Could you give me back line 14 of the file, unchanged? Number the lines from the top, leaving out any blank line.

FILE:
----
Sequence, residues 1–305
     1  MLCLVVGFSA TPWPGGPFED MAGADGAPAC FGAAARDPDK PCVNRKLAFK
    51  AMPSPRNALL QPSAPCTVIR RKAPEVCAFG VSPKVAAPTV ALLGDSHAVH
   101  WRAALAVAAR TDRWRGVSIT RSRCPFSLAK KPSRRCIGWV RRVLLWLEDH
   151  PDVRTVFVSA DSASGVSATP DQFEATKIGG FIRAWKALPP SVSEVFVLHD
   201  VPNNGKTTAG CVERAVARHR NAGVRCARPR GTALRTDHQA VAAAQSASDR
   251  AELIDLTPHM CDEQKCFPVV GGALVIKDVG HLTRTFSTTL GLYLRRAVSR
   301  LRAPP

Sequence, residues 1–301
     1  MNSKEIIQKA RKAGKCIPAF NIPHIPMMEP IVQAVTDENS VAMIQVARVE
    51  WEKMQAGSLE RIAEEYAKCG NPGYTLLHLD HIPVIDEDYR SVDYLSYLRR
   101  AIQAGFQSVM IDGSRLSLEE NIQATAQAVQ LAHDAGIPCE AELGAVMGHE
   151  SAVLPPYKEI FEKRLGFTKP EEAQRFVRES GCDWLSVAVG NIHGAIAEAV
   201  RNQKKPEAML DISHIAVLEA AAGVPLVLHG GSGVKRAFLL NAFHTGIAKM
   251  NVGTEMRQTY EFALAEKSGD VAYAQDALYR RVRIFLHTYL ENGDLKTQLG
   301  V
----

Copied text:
   201  RNQKKPEAML DISHIAVLEA AAGVPLVLHG GSGVKRAFLL NAFHTGIAKM